intentionality and motive are very different, too, even if you
accept the idea of devas of nature working through sand, water
and air.

I believe the experience of synchronicity often has a distinct
cause like a knot of karmic energy or a creative event in the
surrounding universal mind field, or etherial beings or
archetypes working through the situation.  This is rather like
the work-of-art situation above.

But there can be other kinds of experience of synchronicity that
don't have such a definite cause; they rely mainly on a readiness
in the psyche to find meaning or import in circumstances, with
little coming from the "outside".  This corresponds to the artful
sand patterns case above.  Mind, this readiness is also a factor
in the "strongly caused" kind of synchronicity above.  Pardon the

I suspect that Jung and Pauli were talking mostly about the
"weakly caused" form of synchronicity, hence their term
"acausal".  Probably the scope of a theosophical view would have
been too wide for them to accept comfortably as "good
scientists", so they consciously or unconsciously bunched
strongly caused synchronicity in with it.  Correct me if I'm

All this raises questions of what defines or puts limits around
the experiencing self.  As we go within, the boundaries soften
and we can experience ourselves as a larger field of
consciousness than the customary one-person-alone.  Cause and
experiencer are connected in a continuous field of energy and
consciousness, and experiencer comes to be aware of it.


Now I want to take a look at causality as the transmission of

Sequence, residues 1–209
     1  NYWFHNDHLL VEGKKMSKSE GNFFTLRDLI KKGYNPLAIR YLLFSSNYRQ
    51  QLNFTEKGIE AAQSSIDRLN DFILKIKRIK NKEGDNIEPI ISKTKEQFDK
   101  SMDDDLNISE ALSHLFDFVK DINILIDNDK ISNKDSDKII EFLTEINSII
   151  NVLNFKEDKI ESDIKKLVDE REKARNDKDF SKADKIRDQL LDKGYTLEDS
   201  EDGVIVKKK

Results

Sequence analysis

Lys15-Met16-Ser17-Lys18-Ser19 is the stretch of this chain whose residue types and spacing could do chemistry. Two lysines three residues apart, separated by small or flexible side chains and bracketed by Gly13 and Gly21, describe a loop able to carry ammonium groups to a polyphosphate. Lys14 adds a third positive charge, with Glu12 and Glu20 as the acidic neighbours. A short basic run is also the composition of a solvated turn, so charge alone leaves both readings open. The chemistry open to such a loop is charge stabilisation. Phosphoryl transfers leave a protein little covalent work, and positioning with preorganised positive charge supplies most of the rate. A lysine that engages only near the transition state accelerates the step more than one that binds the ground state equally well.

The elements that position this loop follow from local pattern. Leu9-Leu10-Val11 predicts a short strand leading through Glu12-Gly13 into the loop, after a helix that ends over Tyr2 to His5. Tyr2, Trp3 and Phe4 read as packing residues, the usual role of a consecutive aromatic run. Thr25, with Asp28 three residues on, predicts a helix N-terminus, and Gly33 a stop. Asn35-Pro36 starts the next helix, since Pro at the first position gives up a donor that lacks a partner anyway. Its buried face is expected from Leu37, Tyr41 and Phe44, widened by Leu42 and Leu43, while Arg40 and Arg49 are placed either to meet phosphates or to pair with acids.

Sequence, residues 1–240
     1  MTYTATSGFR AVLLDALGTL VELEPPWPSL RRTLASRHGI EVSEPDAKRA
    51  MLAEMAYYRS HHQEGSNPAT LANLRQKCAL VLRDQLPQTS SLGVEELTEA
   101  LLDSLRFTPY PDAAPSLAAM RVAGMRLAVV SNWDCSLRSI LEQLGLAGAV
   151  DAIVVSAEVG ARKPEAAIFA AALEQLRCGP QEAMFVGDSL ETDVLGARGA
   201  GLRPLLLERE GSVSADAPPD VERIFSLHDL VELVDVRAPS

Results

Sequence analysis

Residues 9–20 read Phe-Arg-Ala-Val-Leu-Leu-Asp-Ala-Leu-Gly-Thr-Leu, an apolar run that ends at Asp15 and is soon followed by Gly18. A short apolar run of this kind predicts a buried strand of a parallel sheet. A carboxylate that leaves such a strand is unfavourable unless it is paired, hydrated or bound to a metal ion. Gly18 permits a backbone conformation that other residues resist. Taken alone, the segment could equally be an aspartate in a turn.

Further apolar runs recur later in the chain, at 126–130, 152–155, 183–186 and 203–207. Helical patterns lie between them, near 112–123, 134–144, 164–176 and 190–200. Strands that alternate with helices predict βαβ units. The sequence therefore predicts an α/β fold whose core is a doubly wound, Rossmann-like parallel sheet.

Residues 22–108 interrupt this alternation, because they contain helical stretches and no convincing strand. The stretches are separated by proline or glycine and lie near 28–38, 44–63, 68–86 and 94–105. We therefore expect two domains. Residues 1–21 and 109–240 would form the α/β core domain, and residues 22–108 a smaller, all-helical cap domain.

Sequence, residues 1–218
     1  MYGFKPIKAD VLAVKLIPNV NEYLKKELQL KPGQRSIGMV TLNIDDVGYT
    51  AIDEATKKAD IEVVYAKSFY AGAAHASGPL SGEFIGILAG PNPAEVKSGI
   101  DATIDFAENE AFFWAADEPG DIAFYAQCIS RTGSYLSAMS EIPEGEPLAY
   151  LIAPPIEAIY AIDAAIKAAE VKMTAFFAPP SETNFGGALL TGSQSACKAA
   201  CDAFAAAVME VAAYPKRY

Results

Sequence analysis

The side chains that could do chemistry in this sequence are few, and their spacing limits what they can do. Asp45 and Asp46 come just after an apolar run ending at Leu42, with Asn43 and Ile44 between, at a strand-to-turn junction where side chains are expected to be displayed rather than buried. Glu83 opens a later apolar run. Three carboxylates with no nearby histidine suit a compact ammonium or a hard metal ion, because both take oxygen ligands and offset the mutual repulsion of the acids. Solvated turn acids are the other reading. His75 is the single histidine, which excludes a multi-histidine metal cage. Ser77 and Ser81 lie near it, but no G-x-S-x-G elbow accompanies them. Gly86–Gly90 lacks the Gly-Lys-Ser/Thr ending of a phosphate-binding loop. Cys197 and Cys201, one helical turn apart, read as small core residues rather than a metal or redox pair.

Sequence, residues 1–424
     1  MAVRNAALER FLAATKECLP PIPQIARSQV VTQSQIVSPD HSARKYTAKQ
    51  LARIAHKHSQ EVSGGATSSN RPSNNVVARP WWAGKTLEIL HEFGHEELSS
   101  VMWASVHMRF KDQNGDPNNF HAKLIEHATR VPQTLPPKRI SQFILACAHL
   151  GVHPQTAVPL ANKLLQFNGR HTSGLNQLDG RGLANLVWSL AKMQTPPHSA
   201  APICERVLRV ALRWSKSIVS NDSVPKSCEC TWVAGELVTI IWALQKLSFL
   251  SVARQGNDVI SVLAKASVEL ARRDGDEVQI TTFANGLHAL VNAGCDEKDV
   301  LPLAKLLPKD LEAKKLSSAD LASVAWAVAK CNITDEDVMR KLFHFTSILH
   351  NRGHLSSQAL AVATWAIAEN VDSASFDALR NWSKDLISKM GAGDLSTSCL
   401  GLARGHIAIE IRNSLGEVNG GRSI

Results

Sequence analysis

information in a noisy environment, using an analogy that has a
lot to offer in understanding karma.  It shows how things can be
connected yet not deterministic, ie how there is not always a
specific karma behind an event, and how a karma can be overridden
by subsequent inputs.  I'm using "karma" more specifically, now.

Imagine you're in a long underground station with a lot of people
waiting in it and talking.  A friend of yours appears at the
other end and tries to call out to you.  If the station is long
enough, and there are enough people in between talking loudly
enough, your friend's voice will be lost in the noise that
surrounds you.  This physical situation is like sending a
television signal along a coaxial cable or data along a fibre
optic cable.  As the signal weakens, there comes a point at which
it becomes comparable with the surrounding noise which in the
cable is due to microsopic thermal motion of the electrons and
atoms, and quantum uncertainty.  Further down the line, you can't
pick out the signal amidst the noise any more.

Yet you and your friend are still connected acoustically, even if
the signal is apparently lost.  You could prove this by making a
repetitive sound and averaging the response in synchronised time
frames, as in brain experiments which "dig out" the brain's